Friday, May 21, 2010
Fishnets and Female Characters!
Here it is, the inaugural issue of Zatanna.
Tub woh si ti?
Maybe we often miss or overlook the layout of the panels and the gutter in comic books, but they are crucial to the story. I really got into reading manga because of way the panels moved in many of the titles.
DC Comics has not disappointed me in its creative layouts. For example in Zatanna the panels sometimes have a clear, white gutter between scenes that then switches to floating over other panels. When Zatanna reads someone's mind in the story each panel is surrounded by a smoky looking and messy frame that really emphsizes the action and what Zatanna is doing with her powers.
Ok, what about the fishnets? They come out when Zatanna has to confront the story's villain. Gl
For a first issue of a series I thought this book worked rather well. There wasn't a lot of back-story exposition and yet we still got comfortably situated into Zatanna's reality.
The ending promises much more to come.
Finally, I had an observation about the two big American comic book publishers that came out of my pulls for this week. A few years ago I passed the time in my life that I happily read media that contained mostly male driven plots and played games with only male PC's. It had never bothered me, but I also don't believe in gender roles aside from the social constructs of individual cultures. I don't fit into what the American female gender role is and I don't care.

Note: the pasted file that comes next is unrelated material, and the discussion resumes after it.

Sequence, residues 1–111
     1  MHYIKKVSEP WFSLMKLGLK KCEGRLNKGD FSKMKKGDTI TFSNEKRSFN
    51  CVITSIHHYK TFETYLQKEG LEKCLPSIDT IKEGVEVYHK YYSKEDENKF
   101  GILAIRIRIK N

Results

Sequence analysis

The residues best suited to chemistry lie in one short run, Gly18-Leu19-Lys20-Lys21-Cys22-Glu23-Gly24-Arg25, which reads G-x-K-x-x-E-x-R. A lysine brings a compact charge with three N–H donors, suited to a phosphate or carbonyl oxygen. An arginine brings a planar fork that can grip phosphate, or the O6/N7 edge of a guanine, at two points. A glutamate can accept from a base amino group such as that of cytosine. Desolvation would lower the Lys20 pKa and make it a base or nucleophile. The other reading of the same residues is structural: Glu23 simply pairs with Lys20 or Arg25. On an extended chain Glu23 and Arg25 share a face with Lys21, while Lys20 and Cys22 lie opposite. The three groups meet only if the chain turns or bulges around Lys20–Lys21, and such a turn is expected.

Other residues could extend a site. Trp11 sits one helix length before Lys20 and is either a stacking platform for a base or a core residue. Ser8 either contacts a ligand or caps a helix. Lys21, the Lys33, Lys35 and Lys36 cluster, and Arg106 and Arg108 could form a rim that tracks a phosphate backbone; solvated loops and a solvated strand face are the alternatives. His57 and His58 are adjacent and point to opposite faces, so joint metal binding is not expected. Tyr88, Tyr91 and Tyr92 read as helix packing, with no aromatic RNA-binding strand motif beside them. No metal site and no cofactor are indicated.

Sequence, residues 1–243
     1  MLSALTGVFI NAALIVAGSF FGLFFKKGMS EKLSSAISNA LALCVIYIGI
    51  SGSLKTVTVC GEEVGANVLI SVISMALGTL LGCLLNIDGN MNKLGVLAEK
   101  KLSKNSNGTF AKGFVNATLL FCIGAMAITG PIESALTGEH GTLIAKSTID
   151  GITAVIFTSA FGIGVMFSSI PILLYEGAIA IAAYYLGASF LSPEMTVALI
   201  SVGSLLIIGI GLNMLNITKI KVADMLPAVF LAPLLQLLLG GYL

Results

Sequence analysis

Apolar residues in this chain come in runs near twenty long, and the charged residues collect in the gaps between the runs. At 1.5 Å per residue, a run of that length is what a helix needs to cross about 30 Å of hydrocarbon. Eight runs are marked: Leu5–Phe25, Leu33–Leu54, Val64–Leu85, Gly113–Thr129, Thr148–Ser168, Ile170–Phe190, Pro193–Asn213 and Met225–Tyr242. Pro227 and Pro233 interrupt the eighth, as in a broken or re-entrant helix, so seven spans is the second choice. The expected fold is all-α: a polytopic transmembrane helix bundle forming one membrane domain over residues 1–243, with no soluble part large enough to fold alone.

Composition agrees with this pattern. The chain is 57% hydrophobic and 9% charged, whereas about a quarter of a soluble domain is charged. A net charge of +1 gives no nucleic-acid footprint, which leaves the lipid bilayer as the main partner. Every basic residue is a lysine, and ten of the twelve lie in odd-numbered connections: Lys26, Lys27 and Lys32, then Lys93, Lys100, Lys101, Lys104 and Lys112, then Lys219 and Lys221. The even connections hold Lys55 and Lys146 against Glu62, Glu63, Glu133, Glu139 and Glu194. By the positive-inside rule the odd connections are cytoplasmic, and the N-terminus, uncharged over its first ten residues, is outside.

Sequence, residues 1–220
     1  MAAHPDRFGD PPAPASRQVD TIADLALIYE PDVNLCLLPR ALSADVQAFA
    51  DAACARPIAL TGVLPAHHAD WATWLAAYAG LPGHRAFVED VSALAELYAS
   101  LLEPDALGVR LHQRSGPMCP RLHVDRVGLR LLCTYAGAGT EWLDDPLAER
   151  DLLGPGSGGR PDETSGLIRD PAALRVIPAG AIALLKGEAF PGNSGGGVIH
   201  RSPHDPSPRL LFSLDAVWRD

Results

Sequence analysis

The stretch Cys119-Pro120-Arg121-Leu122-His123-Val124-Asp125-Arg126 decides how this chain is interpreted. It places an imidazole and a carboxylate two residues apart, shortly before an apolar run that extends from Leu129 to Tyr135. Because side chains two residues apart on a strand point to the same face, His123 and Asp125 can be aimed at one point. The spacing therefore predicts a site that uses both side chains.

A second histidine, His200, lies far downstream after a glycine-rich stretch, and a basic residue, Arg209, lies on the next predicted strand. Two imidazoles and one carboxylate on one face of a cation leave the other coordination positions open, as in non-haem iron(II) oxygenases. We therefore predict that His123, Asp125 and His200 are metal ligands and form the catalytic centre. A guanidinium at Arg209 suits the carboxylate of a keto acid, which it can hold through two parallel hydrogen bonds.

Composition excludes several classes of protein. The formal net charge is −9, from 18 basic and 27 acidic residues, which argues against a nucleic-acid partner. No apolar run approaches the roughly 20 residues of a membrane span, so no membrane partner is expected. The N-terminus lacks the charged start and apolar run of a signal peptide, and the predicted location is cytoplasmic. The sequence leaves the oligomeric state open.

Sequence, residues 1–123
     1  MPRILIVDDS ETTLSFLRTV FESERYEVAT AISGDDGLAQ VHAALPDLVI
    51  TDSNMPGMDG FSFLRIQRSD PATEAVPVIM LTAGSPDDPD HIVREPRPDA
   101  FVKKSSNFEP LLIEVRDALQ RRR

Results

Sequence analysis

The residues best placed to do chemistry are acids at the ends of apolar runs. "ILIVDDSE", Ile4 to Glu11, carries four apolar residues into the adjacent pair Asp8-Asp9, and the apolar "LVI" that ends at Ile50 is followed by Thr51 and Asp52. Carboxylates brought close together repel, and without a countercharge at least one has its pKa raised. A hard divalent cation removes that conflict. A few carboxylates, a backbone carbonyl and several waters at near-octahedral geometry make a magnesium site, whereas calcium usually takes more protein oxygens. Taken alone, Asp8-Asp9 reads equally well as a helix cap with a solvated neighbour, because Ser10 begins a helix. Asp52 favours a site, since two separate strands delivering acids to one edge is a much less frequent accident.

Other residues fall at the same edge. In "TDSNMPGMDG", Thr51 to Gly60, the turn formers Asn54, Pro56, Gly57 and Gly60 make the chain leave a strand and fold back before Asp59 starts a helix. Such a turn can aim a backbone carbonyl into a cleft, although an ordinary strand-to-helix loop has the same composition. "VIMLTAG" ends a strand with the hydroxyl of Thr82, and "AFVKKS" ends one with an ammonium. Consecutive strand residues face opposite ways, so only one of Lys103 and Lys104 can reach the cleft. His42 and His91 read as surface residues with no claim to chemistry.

At some point in my mid to late twenties I realized that I wanted to see more female characters just being people and doing things like any one else. I realized that male was the default in almost anything I liked and I started to realize that maybe that's what kept so many other women away from the media I liked. Maybe the media saturation of our culture with traditional, outdated ideas about gender is a contributing factor to staunch gender divides and all those related problems. I've always just felt like a "person" and not one particular gender, although due to what I liked I often found myself cast in the role of being masculine.
Well, Marvel Comics declared 2010 their year of women and have done several things to spotlight women artists and have put out some good one-shot titles with female characters. I think drawing attention to the issue and writing about is important. Meanwhile, DC is just releasing a bevy of great comic books with female leads. Both approaches are awesome.